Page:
BIRMINGHAM, Ala. — Boyd Duckett flew under the radar when Bassmaster Classic prognosticators began hanging the "favorite" tag on select contenders.
The Demoopolis, Ala., rookie will have a big target on his back today when he heads into the second round as the leader of the world's most famous fishing tournament on nearby Lay Lake.
The field cuts to 25 after today with the finals on Sunday. First place prize is worth $500,000 and the event will be televised tape delay on ESPN2.
Duckett sacked 19 pounds, 14 ounces, including a behemoth 8 pound, 2 ounce bass among his five keepers, to take the lead Friday over fellow Alabamian Randy Howell who had 17 pounds, 15 ounces. Skeet Reese, at 17-5, was the only out-of-stater (Auburn, Calif.) among the leaders, as Tim Horton of Muscle Shoals, Ala., was fourth with 17-5.
Obviously, it helps to be familiar with the 12,000-acre lake that produced 46 five-fish limits in the 50-man field.
"Catching fish is easy out there right now," said Kalamazoo's Kevin VanDam, in 19th place with 13-1. "But it's not easy finding the big fish — the 3 to 5 pounders. That's what you need to have a chance to win."
Warming weather has drawn the fish relatively shallow but scattered them along the banks and flats. That's been an advantage for Duckett, who has fished several local tournaments on the lake over the years.
Lay Lake is best known for producing large "spotted bass" that flourish in the Coosa River system. Spots dominated the catch of Howell, Reese and Horton
who fished the heavy current up river.
Many pros sought the larger growing largemouth bass in the main lake but couldn't find the big ones they needed.
Except for Duckett.
"Most of the guys are fishing patterns that typically work here this time of year, but I'm doing something a little different," he said. "I'm one of the few not fishing for spotted bass, and that's giving me an edge because I know what to look for."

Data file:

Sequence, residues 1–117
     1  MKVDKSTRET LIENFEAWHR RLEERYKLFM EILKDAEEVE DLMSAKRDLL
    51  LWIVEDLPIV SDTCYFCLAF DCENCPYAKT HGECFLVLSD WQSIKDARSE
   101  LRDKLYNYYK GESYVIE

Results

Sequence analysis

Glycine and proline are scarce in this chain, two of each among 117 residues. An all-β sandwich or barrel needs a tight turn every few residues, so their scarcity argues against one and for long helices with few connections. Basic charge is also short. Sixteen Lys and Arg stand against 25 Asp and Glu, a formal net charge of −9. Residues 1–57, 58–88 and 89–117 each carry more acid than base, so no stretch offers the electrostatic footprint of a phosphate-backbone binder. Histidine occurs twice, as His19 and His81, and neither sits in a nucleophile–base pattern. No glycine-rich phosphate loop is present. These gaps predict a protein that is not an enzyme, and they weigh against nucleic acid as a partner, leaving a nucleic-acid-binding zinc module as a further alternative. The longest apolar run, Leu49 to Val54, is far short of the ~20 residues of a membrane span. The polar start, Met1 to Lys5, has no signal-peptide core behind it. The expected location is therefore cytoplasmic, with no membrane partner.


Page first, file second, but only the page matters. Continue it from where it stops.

Hoosier on a roll
Terry McWilliams, a BASS Federation Nation angler from Greenfield, Ind., who qualified for the classic through the bass club program, led all of the amateurs in the field with 15 pounds, 9 ounces and was anchored in seventh place overall.
Interestingly, McWilliams gave some of the credit to his success to South Bend native Greg Mangus who helped teach him how to work a tube bait on the bottom.
"I used to fish with Greg at Lake Wawasee and he showed me how to shake a tube along the bottom with a spinning outfit," McWilliams explained. "That's kind of what I'm doing here, except I've modified the approach a little bit."
McWilliams fishes what he calls the "Stupid Tube," which involves a Poor Boy's Mango Magic Tube and a Bite Me Jig head. McWilliams has a unique way of putting the jig head in the tube to make it weedless so that he can work it along the rocky, brushy bottom of the Coosa River.
"It doesn't hang up and I'm fishing it in places most of the other guys wouldn't fish it," he added.